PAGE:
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Annual Luncheon Benefits Educational Programs for NYC School Children

New York, NY, March 3, 2016 — Women’s rights activist Ayaan Hirsi Ali will be honored at New-York Historical’s 2016 Strawberry Festival benefit luncheon, an annual event recognizing women in public life that dates back to 1856. Ms. Hirsi Ali will receive the Woman in Public Life Award for her work to end honor violence, which shames, hurts, and kills thousands of women and girls in the United States each year. The luncheon will take place on Wednesday, April 6 at the New-York Historical Society (170 Central Park West at 77th Street) and will feature remarks from Ms.  Hirsi Ali. Event check-in will begin at 11:30 am.

“Ayaan Hirsi Ali has used her voice to become a champion for women and young girls who would have otherwise gone unheard,” said Dr. Louise Mirrer, President and CEO of the New-York Historical Society. “As the number of women and girls suffering from honor violence, coercion, and oppression continues to rise at an alarming rate, Ms. Hirsi Ali’s work is more relevant and critical than ever. We join her in her mission to elevate the status of women, especially as we prepare to open our new Center for the Study of Women’s History in 2017, an effort aimed at recognizing the many women whose voices have been forgotten or lost to history.”

Ms. Hirsi Ali joins a list of outstanding women who have been honored at the Strawberry Festival in prior years. Past honorees include Mika Brzezinski, Hillary Clinton, Kirsten Gillibrand, Doris Kearns Goodwin, Michelle Obama, Anna Quindlen, Christine Quinn, Cokie Roberts, Lesley Stahl, Pat Klingenstein, and Sue Ann Weinberg.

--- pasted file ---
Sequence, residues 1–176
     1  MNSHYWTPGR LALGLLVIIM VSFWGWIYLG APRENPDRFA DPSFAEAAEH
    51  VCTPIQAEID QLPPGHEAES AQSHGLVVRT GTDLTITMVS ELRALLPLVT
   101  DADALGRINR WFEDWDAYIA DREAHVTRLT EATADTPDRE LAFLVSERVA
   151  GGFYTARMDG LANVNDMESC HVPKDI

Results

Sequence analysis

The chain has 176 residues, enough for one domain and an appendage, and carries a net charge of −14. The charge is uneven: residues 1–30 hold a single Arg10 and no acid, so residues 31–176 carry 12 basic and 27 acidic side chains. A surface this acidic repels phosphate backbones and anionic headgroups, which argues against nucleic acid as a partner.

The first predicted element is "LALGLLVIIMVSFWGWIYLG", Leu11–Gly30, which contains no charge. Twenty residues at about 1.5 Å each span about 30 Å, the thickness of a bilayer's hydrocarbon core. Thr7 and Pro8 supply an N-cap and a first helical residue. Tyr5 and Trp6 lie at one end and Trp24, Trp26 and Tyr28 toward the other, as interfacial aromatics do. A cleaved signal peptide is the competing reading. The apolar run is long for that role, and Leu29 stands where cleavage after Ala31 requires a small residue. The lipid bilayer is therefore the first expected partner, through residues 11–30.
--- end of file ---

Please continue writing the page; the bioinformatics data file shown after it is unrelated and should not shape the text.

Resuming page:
Ayaan Hirsi Ali is a political activist, author, and founder of the AHA Foundation, which protects and defends the rights of women in the United States from physical harm. She is a Future of Diplomacy Project fellow at the Belfer Center for Science and International Affairs at the Harvard Kennedy School, a visiting scholar at the American Enterprise Institute in Washington, D.C., and a member of the Council on Foreign Relations.

Ms. Hirsi Ali was born in Mogadishu, Somalia, where she was subjected to female genital mutilation as a young girl. In 1992 she fled to the Netherlands to escape a forced marriage. There she was granted asylum and later citizenship. She learned Dutch and studied at the University of Leiden, earning her M.A. in political science. Beginning in 2003 Ms. Hirsi Ali served as an elected member of the Dutch Parliament, where she focused on furthering the integration of non-Western immigrants into Dutch society and on defending the rights of Muslim women. In 2006 Ms. Hirsi Ali resigned from Parliament when the then-Dutch Minister for Immigration revoked her citizenship, arguing that she had misled the authorities at the time of her asylum application. The Dutch courts ultimately confirmed Ms. Hirsi Ali’s Dutch citizenship as legitimate, leading to the fall of the government. Disillusioned with the Netherlands, she moved to the United States. In 2004 Ms. Hirsi Ali gained international attention following the murder of Theo van Gogh, who had directed her short film, Submission, about the oppression of women under Islam. The assassin, a radical Muslim, left a death threat for Ms. Hirsi Ali pinned to Van Gogh’s chest.